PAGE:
The FDA envisions that the Guardian system will help the agency and external researchers quickly and less inexpensively answer questions about the performance of medical products that would otherwise require expensive, time-consuming clinical investigations to assess. The FDA did not specifically address how the agency intends to use the effectiveness data developed using the Guardian system.

The proposed Guardian system represents the FDA’s latest attempt to harness the power of “big data” and to participate in the changes precipitated by digital health strategies and tools to address FDA priorities. In 2014, the FDA launched its openFDA initiative, which gives the general public access to several of the agency’s public data sets (e.g., adverse event reports). Moreover, in December 2015, the FDA launched a beta version of its precisionFDA platform, which is an online, cloud-based platform that is intended to allow scientists from the public and private sectors to test, pilot and validate existing and new bioinformatics approaches for processing the large amounts of data collected using next-generation sequencing (NGS) technology.

The FDA’s efforts to launch the Guardian system mirror “big data” initiatives by other private and public stakeholders seeking to leverage data capture and data mining to pursue important public health, quality improvement, research and cost-containment efforts.

New Year, New Telehealth Opportunities

As we reflect upon how the health care industry has changed in 2015 and what we expect to see in 2016, there is one area that stands out as having great promise for continued growth—telehealth.

  • There were more than 200 telehealth-related bills introduced in 42 states in 2015, many of which helped to encourage the growth and expansion of telehealth. More than half of the states now have laws that mandate some degree of coverage of telemedicine programs by private payers. In addition, nearly a quarter of the states have joined the Interstate Medical Licensure Compact, which provides a more streamlined licensure process for physicians who are located in a “Compact state” and who provide telemedicine services to residents of another “Compact state.” In 2016, we expect even more states will adopt laws to require health insurance coverage for telemedicine services and ease the licensure requirements for health care professionals who are engaged in multi-state telemedicine programs. See our article, “States Begin 2016 with the Expansion of Telehealth Services,” for additional details.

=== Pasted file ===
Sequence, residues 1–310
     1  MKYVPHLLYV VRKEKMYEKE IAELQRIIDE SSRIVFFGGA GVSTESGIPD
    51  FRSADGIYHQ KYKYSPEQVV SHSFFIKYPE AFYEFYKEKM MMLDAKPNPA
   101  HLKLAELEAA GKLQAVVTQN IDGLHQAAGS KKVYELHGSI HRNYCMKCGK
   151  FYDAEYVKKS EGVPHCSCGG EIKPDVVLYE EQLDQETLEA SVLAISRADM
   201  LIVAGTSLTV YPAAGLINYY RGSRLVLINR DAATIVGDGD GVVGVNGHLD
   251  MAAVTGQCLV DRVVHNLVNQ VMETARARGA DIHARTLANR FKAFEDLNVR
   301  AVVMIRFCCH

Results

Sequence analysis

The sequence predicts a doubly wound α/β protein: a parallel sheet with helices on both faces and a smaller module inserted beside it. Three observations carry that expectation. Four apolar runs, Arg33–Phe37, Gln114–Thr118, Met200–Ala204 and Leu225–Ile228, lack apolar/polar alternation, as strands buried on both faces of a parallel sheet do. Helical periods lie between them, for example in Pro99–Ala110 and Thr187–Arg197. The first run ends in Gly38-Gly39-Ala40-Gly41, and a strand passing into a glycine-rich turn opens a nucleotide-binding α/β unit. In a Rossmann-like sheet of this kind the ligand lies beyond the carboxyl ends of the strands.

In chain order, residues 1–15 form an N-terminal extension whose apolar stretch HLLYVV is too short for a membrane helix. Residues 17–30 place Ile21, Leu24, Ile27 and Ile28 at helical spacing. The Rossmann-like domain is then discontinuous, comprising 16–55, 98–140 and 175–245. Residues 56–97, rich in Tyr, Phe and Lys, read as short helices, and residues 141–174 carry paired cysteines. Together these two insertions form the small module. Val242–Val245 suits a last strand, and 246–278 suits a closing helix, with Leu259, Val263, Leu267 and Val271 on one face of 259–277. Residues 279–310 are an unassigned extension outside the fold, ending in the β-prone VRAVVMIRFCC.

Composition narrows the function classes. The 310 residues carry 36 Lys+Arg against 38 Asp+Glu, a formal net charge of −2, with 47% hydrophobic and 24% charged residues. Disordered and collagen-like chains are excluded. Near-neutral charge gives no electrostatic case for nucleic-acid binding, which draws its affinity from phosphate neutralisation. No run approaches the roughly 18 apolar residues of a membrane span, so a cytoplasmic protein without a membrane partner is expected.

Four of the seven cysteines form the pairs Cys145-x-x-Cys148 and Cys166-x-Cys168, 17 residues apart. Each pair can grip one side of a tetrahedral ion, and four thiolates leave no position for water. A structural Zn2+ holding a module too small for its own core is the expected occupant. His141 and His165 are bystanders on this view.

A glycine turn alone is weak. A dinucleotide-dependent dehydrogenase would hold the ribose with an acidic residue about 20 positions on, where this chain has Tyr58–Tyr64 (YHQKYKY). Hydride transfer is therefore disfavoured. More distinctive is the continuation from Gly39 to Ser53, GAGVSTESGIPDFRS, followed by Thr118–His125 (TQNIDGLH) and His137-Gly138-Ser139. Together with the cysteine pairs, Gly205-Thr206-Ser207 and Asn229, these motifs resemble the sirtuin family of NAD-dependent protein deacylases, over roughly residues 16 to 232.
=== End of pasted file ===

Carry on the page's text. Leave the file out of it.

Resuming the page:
• There has been a marked increase in consumer investment in personal health and wellness, partly as a cost reduction strategy in light of high-deductible health plans, over the past few years. Consumers are particularly excited about the possibilities of telehealth, which has spurred the expansion of direct-to-consumer telehealth programs. In 2016, we anticipate an increase in the number of consumers who use telehealth services, as well as an increase in the types of telehealth technologies used.
  • An increasing number of employers—ranging from big to small—offered telemedicine as a benefit to employees in 2015 in an effort to reduce health care costs and as a means of improving employee health. Given the broad breadth of coverage included in the cost of employer-sponsored coverages, and the desire for employers to improve employee health to increase productivity and satisfaction levels, we anticipate that even more employers will turn to telemedicine as a solution in 2016.
  • The telehealth programs of accountable care organizations (ACOs) and clinically integrated networks (CINs) proved to improve patient access to care (particularly in the area of behavioral health) and deliver quality care at a lower cost—a critical imperative in the post-Accountable Care Act era of value-based purchasing. The realization of these benefits in 2015 will likely contribute to an increase in the number of ACOs and CINs using telemedicine as a tool in 2016.